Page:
A blueprint for high-volume, high-quality lung cancer screening that is detecting cancer earlier—and helping to save lives
Every new therapeutic application submitted to the FDA comes packaged with a full set of efficacy and safety data that can take up to 10 years and hundreds of millions of dollars to collect. And, if they get approved, those new therapies frequently arrive on the market with head-to-head data comparing the manufacturer’s new drug to a standard of care, at least, according to one study in the May 4, 2011 issue of the Journal of the American Medical Association. (“Availability of Comparative Efficacy Data at the Time of Drug Approval in the United States.” Pages 1786–1789.)
In that study, investigators sifted through NDAs filed over the past decade and determined that 7 out of every 10 new drugs faced with rival treatments already in use — essentially every therapy not stamped with an orphan indication — were filed with head-to-head comparative data attached. For biotech and pharma companies, the ideal new drug debuts on the market fully prepared to compete for market share and angling for favorable placement on payers’ formularies.
But comparing treatments in clinical trials typically relies on the drug developers’ ability to recruit a sampling of patients — often just a slice of the patient population that awaits the new drug. Looking for a better cross section of patients spread across genders, ages, and ethnicities, payers are stepping up to fill in the gaps with their own comparative effectiveness research work.
“If we do it right,” says Felix Frueh, PhD, who oversees Medco’s expanding research efforts in personalized medicine, “we can learn a lot about how drugs work and for whom, in what I believe is a much more realistic real-world environment.”
“Historically, comparative effectiveness research has been done, but the availability of data relevant to health care decision-makers has been limited,” says T. Jeffrey White, PharmD, director of drug evaluation and clinical analytics at WellPoint. “It’s unlikely that all pharmaceutical manufacturers will fully embrace comparative effectiveness research comparing drug A to drug B to drug C since there may be some risk in that one drug may result in better health compared to other drugs. Additionally, they may not have large-enough patient populations within a clinical trial setting to include several comparators. But WellPoint has one of the largest data pools and can be a valuable source of patient information.”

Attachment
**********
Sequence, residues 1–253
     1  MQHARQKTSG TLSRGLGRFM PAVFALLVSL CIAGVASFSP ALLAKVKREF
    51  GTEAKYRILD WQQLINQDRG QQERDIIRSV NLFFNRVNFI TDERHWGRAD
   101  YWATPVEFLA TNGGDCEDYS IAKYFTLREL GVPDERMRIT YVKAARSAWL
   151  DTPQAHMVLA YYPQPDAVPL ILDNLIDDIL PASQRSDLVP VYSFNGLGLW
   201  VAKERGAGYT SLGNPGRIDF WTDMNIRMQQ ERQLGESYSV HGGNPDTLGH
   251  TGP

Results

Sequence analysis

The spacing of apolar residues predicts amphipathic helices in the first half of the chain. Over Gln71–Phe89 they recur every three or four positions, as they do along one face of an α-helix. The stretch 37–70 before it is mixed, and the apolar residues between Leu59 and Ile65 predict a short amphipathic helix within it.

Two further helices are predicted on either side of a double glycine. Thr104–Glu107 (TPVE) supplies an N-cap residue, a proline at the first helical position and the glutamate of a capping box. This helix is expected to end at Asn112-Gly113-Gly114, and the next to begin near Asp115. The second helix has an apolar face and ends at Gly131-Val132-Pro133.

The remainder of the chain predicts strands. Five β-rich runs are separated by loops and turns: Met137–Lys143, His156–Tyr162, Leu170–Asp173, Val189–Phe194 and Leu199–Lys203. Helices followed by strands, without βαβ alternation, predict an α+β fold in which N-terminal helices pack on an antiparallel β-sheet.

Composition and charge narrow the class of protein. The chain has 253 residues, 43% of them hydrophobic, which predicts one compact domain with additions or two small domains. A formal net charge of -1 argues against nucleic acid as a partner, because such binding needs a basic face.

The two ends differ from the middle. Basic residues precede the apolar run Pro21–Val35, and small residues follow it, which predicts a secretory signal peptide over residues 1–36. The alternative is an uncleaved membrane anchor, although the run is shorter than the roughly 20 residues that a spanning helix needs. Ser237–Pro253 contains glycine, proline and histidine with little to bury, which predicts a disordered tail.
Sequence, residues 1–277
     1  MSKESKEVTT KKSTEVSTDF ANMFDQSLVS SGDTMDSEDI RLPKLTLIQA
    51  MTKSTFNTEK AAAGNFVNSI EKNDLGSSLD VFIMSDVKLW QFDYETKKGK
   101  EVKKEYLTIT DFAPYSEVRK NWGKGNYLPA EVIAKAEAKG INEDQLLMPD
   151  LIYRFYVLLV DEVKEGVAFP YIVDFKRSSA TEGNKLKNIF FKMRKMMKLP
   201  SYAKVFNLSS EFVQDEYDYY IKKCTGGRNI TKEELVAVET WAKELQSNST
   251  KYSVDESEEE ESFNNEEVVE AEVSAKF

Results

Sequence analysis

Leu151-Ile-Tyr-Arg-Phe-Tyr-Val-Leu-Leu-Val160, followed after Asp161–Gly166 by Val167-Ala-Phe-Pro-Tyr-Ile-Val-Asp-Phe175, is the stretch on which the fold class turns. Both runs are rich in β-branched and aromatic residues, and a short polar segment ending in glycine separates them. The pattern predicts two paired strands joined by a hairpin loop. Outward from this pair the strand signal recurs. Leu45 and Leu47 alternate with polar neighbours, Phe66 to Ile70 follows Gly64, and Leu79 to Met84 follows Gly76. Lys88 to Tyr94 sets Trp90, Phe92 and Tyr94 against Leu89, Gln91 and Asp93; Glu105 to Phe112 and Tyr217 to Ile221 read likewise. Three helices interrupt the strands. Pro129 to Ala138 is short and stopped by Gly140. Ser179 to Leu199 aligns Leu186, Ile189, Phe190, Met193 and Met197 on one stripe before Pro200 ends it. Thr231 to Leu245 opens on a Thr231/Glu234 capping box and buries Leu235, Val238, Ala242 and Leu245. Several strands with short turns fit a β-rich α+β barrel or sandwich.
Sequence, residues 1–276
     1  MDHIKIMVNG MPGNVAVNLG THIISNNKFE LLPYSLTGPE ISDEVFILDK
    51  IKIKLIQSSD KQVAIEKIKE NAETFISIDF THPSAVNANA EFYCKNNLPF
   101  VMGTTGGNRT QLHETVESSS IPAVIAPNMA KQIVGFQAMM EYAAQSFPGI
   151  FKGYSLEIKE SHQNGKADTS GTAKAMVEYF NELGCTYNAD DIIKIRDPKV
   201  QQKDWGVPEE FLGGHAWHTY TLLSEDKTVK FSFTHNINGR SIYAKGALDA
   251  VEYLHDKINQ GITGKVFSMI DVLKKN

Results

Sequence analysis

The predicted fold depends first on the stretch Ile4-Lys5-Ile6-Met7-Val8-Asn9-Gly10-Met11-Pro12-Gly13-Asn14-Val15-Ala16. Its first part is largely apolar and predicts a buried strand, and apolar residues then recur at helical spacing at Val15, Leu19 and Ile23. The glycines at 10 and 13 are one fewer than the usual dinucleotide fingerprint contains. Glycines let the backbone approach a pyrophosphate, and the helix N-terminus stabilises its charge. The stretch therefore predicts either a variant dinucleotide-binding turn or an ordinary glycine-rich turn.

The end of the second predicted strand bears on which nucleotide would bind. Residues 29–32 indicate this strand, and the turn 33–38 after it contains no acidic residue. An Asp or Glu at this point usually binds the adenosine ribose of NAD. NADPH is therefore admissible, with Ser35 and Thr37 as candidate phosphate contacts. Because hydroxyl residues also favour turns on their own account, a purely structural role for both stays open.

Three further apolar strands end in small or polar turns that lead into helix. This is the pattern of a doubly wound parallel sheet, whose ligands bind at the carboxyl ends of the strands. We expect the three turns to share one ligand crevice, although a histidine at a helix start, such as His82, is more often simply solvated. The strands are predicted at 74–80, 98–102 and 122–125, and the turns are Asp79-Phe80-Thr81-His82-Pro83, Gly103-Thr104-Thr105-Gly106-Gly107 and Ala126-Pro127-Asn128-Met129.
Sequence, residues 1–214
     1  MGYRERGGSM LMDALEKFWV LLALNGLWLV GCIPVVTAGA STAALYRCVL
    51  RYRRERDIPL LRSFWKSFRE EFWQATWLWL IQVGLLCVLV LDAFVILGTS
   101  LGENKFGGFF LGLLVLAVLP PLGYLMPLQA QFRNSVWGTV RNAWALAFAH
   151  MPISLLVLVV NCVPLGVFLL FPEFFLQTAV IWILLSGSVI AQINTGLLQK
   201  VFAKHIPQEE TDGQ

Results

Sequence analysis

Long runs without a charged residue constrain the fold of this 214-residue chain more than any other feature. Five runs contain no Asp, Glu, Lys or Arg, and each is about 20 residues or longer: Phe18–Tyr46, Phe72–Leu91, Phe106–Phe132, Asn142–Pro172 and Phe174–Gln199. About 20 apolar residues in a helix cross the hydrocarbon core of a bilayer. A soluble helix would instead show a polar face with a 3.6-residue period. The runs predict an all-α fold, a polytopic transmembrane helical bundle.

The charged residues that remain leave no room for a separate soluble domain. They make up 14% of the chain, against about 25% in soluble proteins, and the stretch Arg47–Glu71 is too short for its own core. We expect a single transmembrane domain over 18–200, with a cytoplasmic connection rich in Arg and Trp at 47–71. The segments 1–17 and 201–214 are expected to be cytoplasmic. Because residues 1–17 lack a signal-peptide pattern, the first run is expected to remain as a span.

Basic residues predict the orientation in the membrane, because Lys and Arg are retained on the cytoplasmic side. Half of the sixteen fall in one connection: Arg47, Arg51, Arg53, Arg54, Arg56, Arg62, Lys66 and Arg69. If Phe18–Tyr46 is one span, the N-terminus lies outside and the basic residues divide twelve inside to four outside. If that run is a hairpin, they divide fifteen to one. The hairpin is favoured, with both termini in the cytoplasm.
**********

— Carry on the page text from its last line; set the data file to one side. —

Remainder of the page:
To get that “real-world” look at how drugs compare on efficacy and cost, several insurers are systematically reviewing all the available data and studies in the literature, recruiting patients at the pharmacy for their own studies, and mining mountains of pharmacy and medical payment claims databases to come up with a fresh set of numbers to ponder.
Every quarter now, WellPoint completes two or three comparative effectiveness studies, examining how treatments in a particular disease category stack up on effectiveness and cost, says White. Each one takes from one to two months to complete.
“We start by carefully reviewing the clinical data,” says White. “We don’t consider costs until later on in the process. High quality clinical trial data are used to make a determination of which drug will likely result in the best health. We will limit the use of studies with potential biases. Then, we conduct comparative effectiveness research analysis to determine which therapies are resulting in the best health in a “real world population. Then we look at the market share, drug trends, and costs, through an actuarial review. The final process is a value assessment using clinical efficacy, effectiveness, real world outcomes data, member impact data, and cost to determine the best therapies. We will make a final tier placement or edit determination to encourage utilization of the best therapies.”
That’s the approach WellPoint used on one drug (drug A), tracking several years of data on the experiences of 25,000 members suffering from osteoporosis and comparing outcomes with groups prescribed the competing Fosamax and Actonel.